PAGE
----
The research team used superconducting circuits to create a lattice that functions as a hyperbolic space. When the researchers introduce photons into the lattice, they can answer a wide range of difficult questions by observing the photons’ interactions in simulated hyperbolic space.

Jul 5, 2019

The Born Rule Has Been Derived From Simple Physical Principles

Posted by in categories: mathematics, quantum physics

The Born rule, which connects the math of quantum theory to the outcomes of experiments, has been derived from simpler physical principles. The new work promises to give researchers a better grip on the core mystery of quantum mechanics.

Jul 5, 2019

The Mathematics of Evolution: Q&A with Biologist Marcus Feldman

Posted by in categories: evolution, mathematics

Feldman creates mathematical models that reveal how cultural traditions can affect the evolution of a species.

  • By Elizabeth Svoboda, Quanta Magazine on January 12, 2017

Jul 3, 2019

Robert Edward Grant Photo

Posted by in categories: energy, mathematics

Dr. Dee J. Nelson and his wife Geo, produced a Kirlian photograph of Pyramid energy using a Tesla Coil in 1979.


We have confirmed that the Great Pyramid encodes over 80 Mathematical and Physical constants (including but not limited to Pi, E, a, Phi, Y, Planck Length, Planck Time, and even math constants only discovered in the last century like Brun’s Constant and Tribonacci), our metric and imperial measurement systems (including Meter, Foot, Mile, Nautical Mile, and the ancient Sacred Egyptian Cubit), and even the Speed of Light in BOTH its Longitude and Latitude positions…and all with astounding accuracy.

Image and content from “The Etymology of Number” Course in Resonance Academy http://bit.ly/Resonance-Academy

Jul 3, 2019

Can mathematics help us understand the complexity of our microbiome?

Posted by in categories: biological, health, mathematics

How do the communities of microbes living in our gastrointestinal systems affect our health? Carnegie’s Will Ludington was part of a team that helped answer this question.

For nearly a century, have probed how genes encode an individual’s chances for success—or fitness—in a specific environment.

In order to reveal a potential evolutionary trajectory biologists measure the interactions between genes to see which combinations are most fit. An organism that is evolving should take the most fit path. This concept is called a fitness landscape, and various mathematical techniques have been developed to describe it.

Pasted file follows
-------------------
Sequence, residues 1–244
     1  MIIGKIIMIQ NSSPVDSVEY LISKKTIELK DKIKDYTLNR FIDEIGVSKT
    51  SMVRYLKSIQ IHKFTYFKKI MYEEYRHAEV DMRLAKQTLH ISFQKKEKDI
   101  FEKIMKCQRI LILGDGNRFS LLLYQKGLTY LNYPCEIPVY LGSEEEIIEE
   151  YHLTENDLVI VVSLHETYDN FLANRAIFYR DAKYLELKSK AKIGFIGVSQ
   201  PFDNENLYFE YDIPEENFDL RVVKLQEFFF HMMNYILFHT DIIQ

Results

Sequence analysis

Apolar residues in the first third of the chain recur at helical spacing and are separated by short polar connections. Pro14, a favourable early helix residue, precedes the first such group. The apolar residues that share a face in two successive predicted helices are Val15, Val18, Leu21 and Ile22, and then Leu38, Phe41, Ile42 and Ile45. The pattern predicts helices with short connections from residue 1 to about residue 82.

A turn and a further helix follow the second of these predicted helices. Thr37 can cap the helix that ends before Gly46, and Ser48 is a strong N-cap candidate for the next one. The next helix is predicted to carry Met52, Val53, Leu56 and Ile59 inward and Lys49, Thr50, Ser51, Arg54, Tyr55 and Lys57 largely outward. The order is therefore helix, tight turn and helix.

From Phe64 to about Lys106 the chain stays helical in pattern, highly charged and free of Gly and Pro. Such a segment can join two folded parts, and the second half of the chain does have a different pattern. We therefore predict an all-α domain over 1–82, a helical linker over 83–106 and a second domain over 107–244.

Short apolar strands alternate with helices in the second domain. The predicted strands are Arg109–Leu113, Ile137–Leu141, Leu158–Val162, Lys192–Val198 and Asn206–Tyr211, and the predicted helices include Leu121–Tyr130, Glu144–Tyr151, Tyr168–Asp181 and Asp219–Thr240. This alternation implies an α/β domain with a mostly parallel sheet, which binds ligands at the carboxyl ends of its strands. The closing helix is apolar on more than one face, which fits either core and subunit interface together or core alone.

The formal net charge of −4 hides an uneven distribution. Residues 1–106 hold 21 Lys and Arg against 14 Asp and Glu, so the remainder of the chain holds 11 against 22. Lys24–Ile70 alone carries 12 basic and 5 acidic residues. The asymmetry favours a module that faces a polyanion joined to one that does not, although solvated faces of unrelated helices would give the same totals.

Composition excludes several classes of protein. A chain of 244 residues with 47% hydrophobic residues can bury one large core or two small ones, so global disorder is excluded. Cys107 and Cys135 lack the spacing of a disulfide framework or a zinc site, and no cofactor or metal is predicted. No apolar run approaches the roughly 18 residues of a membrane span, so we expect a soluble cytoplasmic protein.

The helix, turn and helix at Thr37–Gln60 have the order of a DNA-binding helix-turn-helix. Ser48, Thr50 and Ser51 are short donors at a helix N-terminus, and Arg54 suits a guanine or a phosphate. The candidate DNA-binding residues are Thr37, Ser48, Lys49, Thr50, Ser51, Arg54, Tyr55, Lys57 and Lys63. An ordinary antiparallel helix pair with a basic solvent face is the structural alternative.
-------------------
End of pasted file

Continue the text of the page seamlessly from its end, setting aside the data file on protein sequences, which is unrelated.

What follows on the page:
Jul 2, 2019

Math can help uncover cancer’s secrets

Posted by in categories: biotech/medical, information science, mathematics

Irina Kareva translates biology into mathematics and vice versa. She writes mathematical models that describe the dynamics of cancer, with the goal of developing new drugs that target tumors. “The power and beauty of mathematical modeling lies in the fact that it makes you formalize, in a very rigorous way, what we think we know,” Kareva says. “It can help guide us to where we should keep looking, and where there may be a dead end.” It all comes down to asking the right question and translating it to the right equation, and back.

Jul 2, 2019

Drones and AI used to enhance lost person search and rescue

Posted by in categories: drones, information science, mathematics, robotics/AI

Thanks to a $1.5 million grant from the National Science Foundation, a group of Virginia Tech engineers hopes to redefine these search and rescue protocols by teaming up human searchers with unmanned aerial robots, or drones.

In efforts led by Ryan Williams, an assistant professor in the Bradley Department of Electrical and Computer Engineering within the College of Engineering, these drones will use autonomous algorithms and machine learning to complement search and rescue efforts from the air. The drones will also suggest tasks and send updated information to human searchers on the ground.

Using mathematical models based on historical data that reflect what lost people actually do combined with typical searcher behavior, the researchers hope this novel approach of balancing autonomy with human collaboration can make searches more effective. The team has received support from the Virginia Department of Emergency Management and will work closely with the local Black Diamond Search and Rescue Council throughout the project.